Certifications earned by students continues trend of improvement in Hamilton County Schools
Posted on 06/25/2019
Marie Holland welds in the Welding Program at Sequoyah HighAdd the number of certifications earned by high school students in Hamilton County Schools to the list of improvements for the 2018-2019 school year. The number of students earning an industry certification more than tripled from last school year with 224 earned this year by high school students. Industry certifications allow graduates to leave high school with a certification for a job skill in the career field of choice for a graduating senior. The certification puts the graduate at a competitive advantage when looking for a job or entering a post-secondary training program.

Certifications by Year
(2016-2017) 48 Certifications earned at five schools
(2017-2018) 61 Certifications earned at five schools
(2018-2019) 224 Certifications earned at 11 schools

The five-year strategic plan Future Ready 2023 adopted last year focused improvement on more students taking early post-secondary options and earning industry certifications. Studies show that students who take early post-secondary options and earn industry certifications are more likely to enroll in a post-secondary program and more likely to complete a program of study.

“We want to make sure our graduates are prepared for success after high school and that we provide them opportunities to leave school with a plan for their future with access to these programs,” said Dr. Bryan Johnson, superintendent of Hamilton County Schools. “A major priority of our strategic plan is to provide access to advanced courses, dual enrollment options, and industry certifications and it is an area of investment in the proposed budget for next school year.”

The proposed budget under consideration by the County Commission includes additional funding to guarantee every student in the district the ability to complete up to five early post-secondary opportunities while in high school at no cost to the student’s family. The availability will not only save money with college credit already earned while in high school but will also provide more opportunities for success for graduates as they enter college prepared for success. The focus on early post-secondary is a key part of the new Hamilton County Promise. The pledge to the community includes more technology to make sure each student in grades six through twelve has an electronic learning device. A full-time college and career advisor available in every high school is also part of the promise, along with making sure students are Future Ready with access to Future Ready Institutes in our high schools as well as internship programs like Gestamp, VW Akademie, and Polytech.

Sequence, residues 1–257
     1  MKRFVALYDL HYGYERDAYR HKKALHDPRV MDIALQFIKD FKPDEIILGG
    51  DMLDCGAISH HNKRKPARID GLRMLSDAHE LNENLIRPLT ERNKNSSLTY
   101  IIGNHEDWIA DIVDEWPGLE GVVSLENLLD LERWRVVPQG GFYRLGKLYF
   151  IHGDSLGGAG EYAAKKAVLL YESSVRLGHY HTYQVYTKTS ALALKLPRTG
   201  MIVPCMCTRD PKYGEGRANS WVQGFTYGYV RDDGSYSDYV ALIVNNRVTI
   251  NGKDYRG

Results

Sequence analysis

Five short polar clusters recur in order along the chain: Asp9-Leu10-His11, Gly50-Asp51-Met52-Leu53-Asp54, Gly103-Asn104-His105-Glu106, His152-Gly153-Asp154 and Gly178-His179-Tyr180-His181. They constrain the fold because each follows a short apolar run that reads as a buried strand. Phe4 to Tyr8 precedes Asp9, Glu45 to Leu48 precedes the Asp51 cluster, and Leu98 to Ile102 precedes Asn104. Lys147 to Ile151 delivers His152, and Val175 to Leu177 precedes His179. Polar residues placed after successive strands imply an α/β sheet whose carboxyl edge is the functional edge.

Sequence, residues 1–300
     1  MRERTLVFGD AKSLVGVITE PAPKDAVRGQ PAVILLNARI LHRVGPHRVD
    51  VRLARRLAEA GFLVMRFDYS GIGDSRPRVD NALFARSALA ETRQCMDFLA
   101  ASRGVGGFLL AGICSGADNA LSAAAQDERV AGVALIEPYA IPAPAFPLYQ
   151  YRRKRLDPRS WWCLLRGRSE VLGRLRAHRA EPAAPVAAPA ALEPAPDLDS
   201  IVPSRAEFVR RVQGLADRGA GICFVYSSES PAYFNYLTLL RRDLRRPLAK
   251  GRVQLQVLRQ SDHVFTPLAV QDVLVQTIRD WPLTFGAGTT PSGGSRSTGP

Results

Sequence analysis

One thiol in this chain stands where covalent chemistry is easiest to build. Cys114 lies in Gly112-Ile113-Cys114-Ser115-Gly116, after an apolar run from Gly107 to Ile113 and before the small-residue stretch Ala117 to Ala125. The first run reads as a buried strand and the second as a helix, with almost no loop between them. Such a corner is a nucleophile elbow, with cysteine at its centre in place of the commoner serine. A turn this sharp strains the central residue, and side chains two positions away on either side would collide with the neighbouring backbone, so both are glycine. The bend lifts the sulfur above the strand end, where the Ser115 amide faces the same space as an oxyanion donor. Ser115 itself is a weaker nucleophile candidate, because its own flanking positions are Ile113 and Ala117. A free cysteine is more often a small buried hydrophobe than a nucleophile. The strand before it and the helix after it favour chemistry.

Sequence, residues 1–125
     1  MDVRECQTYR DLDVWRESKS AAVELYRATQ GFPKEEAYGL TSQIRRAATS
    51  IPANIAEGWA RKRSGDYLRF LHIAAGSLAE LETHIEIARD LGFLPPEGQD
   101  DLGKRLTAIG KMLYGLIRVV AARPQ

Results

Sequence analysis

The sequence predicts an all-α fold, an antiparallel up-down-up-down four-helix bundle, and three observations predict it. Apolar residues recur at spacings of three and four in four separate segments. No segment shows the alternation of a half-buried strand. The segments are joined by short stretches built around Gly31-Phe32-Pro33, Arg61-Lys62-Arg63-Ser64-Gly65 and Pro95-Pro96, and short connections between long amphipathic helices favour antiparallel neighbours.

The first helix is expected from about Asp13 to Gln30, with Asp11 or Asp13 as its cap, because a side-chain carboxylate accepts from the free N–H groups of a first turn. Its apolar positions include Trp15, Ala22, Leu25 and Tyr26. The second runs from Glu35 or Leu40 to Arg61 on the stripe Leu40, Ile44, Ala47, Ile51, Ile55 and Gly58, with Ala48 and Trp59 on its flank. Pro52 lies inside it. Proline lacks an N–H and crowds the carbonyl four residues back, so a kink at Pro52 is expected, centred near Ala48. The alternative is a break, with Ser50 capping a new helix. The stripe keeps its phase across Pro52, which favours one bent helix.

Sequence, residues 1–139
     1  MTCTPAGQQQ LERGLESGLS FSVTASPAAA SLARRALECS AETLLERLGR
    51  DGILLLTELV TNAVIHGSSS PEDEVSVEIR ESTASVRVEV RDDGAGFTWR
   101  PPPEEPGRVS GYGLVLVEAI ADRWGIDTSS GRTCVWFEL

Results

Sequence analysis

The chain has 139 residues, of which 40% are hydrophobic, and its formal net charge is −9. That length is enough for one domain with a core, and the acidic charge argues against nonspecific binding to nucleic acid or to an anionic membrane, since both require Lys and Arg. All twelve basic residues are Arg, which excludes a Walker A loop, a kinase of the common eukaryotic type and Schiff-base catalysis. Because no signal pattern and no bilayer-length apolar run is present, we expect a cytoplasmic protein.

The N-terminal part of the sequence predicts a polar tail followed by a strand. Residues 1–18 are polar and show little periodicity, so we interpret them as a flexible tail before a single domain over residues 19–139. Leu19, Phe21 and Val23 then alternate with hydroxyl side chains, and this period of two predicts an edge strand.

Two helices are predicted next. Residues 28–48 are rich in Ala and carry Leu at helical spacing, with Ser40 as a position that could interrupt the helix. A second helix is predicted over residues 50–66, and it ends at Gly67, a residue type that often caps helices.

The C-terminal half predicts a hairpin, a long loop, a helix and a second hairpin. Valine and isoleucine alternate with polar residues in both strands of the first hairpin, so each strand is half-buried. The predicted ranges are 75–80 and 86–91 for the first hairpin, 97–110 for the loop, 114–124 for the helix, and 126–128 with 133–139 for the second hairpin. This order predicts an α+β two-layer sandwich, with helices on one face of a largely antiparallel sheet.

The budget currently being considered by the County Commissioners includes approximately $10 million in additional investment to provide more access to advanced courses, dual enrollment, improved technology, college and career advisors, digital fabrication labs, improved access to STEM, innovative learning programs, and industry certifications for students. The action area Future Ready Students in the Future Ready 2023 five-year action plan includes how the district will address better preparing graduates for success after high school. There is also a Focus Five performance target in the plan that includes additional AP and dual enrollment opportunities. The increased opportunity for teens to take advanced courses will allow more future graduates to walk across the stage with five or more advanced courses, dual enrollment classes, or industry certifications.

Marie Holland, a 2019 graduate of Sequoyah High, is one student starting a bright career after high school. Holland is the only female in her welding class, but she left high school with a job offer in hand from Heatec, a local company that manufactures and markets a broad line of heaters and liquid storage tanks. Holland participated in an internship at Heatec in high school, and her work ethic and skill earned her a full-time job upon graduation.

“Welding stood out to me because I was looking for something that I would enjoy for a career,” said Holland. “I want to enjoy where I work and what I do because if you do not enjoy what you do, it is work to you.”

Photo: Marie Holland welds in the Welding Program at Sequoyah High

YouTube Video of Marie Holland